DBS resumes all business after MAS restriction ends; vows to keep focus on tech resilience

The Monetary Authority of Singapore (MAS) yesterday announced the decision not to extend the six-month pause on certain activities at DBS Bank, which has enabled the bank to resume all business from May 1, 2024.

DBS Singapore facade
DBS Bank says that since May 2023, the bank has been executing on a comprehensive technology resiliency roadmap to deliver a higher degree of service availability to customers. Photo courtesy: DBS

In a media release, MAS announced: “The Monetary Authority of Singapore… will not be extending the pause imposed on DBS Bank Ltd that was effective from 1 November 2023 to 30 April 2024, while the multiplier of 1.8 times to DBS Bank’s risk weighted assets for operational risk will be retained.”

The release explained: “The six-month pause on DBS Bank’s non-essential activities was to ensure that the bank kept a sharp focus on restoring the resilience of its digital banking services.

“While full implementation of the remediation plan is still ongoing, MAS notes that DBS Bank has made substantive progress to address the shortcomings identified from service disruptions experienced by its customers in 2023. Improvements have been made to its technology risk governance, system resilience, change management, and incident management.”

In response, DBS Bank said in its own press release yesterday that “the bank’s ability to resume non-essential IT changes and acquire new business ventures will not dilute its focus on strengthening technology resiliency and enhancing digital service availability”.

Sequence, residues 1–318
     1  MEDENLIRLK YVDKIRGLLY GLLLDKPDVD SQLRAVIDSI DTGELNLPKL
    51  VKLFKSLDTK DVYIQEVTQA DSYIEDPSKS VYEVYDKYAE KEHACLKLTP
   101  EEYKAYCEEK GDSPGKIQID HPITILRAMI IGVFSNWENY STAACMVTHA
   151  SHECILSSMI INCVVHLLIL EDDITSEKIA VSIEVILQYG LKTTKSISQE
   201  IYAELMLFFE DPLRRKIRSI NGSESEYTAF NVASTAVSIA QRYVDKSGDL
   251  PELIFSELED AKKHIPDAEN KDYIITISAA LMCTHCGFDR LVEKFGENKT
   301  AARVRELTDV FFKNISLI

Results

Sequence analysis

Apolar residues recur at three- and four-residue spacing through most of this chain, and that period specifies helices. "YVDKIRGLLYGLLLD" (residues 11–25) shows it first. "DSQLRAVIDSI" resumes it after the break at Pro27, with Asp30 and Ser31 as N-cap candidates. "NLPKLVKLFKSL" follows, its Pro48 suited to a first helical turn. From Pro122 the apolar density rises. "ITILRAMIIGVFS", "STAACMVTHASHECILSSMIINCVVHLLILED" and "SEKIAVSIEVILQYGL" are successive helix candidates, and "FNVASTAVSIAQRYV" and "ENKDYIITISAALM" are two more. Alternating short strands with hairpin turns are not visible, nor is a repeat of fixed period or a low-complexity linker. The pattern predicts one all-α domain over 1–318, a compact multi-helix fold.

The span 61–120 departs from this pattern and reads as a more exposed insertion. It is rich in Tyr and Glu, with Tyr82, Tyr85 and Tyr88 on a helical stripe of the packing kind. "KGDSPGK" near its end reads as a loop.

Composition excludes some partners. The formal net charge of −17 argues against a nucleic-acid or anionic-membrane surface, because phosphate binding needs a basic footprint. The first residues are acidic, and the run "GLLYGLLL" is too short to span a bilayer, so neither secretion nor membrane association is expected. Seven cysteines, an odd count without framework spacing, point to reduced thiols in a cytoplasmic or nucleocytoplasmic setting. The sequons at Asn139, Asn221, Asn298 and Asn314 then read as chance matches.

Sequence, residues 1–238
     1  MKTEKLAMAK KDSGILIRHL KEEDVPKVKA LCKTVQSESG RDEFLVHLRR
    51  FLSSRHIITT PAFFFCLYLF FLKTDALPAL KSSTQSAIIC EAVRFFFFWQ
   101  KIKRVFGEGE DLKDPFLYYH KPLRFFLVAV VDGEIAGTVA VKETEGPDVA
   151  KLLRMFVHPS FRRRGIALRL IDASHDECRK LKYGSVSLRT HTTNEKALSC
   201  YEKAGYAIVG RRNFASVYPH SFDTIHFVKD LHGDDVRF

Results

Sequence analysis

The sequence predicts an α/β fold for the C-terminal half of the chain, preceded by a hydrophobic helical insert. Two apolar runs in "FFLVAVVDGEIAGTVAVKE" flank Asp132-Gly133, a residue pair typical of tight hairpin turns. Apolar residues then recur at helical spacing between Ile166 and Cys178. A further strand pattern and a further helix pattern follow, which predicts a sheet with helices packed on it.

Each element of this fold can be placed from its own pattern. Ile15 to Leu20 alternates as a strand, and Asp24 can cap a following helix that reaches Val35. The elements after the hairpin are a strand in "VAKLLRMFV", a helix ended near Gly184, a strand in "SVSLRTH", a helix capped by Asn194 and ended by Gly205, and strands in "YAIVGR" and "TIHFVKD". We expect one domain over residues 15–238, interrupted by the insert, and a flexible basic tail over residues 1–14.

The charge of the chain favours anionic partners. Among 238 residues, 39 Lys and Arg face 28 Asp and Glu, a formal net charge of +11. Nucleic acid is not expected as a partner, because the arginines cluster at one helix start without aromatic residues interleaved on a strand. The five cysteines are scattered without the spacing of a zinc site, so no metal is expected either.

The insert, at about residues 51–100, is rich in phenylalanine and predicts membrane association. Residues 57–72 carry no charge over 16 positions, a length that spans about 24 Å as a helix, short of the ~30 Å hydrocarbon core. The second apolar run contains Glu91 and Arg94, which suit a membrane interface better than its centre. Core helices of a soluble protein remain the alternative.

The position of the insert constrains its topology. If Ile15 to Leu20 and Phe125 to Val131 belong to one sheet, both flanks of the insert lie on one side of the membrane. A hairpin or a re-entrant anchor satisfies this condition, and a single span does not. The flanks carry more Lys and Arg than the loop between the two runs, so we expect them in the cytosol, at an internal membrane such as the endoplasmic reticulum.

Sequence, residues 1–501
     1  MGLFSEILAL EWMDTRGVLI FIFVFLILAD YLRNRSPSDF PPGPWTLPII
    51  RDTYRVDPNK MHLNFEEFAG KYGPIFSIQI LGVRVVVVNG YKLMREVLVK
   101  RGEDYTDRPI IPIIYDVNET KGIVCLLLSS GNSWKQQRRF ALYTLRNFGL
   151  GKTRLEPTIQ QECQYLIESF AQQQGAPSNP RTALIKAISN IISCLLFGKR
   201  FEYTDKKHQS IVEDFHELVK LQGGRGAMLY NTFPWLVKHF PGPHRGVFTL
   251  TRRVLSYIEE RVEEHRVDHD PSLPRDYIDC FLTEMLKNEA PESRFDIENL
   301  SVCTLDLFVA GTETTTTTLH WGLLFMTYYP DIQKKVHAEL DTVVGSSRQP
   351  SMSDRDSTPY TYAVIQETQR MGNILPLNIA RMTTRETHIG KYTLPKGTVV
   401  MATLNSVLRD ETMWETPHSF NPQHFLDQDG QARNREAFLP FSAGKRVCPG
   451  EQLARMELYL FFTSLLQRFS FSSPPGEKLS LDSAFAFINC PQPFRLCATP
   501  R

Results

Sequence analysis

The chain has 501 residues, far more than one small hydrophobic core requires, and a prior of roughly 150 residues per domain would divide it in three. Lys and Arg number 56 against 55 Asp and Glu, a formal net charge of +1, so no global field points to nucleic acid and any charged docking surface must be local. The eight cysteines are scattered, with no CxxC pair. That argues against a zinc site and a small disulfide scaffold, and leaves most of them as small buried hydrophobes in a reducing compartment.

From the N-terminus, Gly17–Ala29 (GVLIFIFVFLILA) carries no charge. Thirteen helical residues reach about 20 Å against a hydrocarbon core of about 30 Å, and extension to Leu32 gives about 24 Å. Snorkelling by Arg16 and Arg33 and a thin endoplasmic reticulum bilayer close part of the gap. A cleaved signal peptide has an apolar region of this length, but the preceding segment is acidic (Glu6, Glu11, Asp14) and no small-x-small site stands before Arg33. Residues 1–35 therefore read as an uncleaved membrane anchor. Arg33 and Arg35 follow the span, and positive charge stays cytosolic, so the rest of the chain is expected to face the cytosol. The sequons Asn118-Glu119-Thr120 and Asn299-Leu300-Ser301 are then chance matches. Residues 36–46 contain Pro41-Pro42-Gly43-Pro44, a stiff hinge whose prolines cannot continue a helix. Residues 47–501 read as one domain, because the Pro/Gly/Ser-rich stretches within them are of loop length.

This release said: “Since May 2023, DBS has been executing on a comprehensive technology resiliency roadmap to deliver a higher degree of service availability to customers. A six-month pause on non-essential activities, imposed by MAS since November 2023, has enabled the bank to further prioritise attention and resources on addressing gaps in technology resiliency.

“In particular, to improve service availability and speed up recovery time in the event of disruptions, the bank has undertaken a number of key actions in the areas of technology risk governance and oversight, system resilience, change management and incident management. For example, the bank has:

  • strengthened independent risk functions;
  • simplified systems architecture, enhanced system redundancies for key services and reduced single points of failure;
  • tightened change management processes; and
  • enhanced its ability to more quickly identify incidents and resolve them.

“Several areas remain a work-in-progress. They include continued simplification and strengthening of the bank’s systems architecture; building deeper expertise in centres of excellence for critical third-party technologies; broadening the use of Artificial Intelligence to further strengthen change management; and creating more monitoring tools so as to be able to detect potential issues more quickly.”

DBS Singapore office at Ngee Ann City
DBS Singapore office at Ngee Ann City. Photo courtesy: DBS

DBS CEO Piyush Gupta said, “The pause has allowed us to reflect on the areas we needed to improve on, and to better address them. While progress has been made, we are committed to building on this further. In the months ahead, we will continue to prioritise resources to strengthening technology resiliency.”

“We will also dedicate management attention to ensuring that our efforts have sustained effectiveness. Our pledge is to ensure that innovation is well balanced with resiliency so as to meet our customers’ expectations for reliable, seamless and effortless banking,” added the CEO.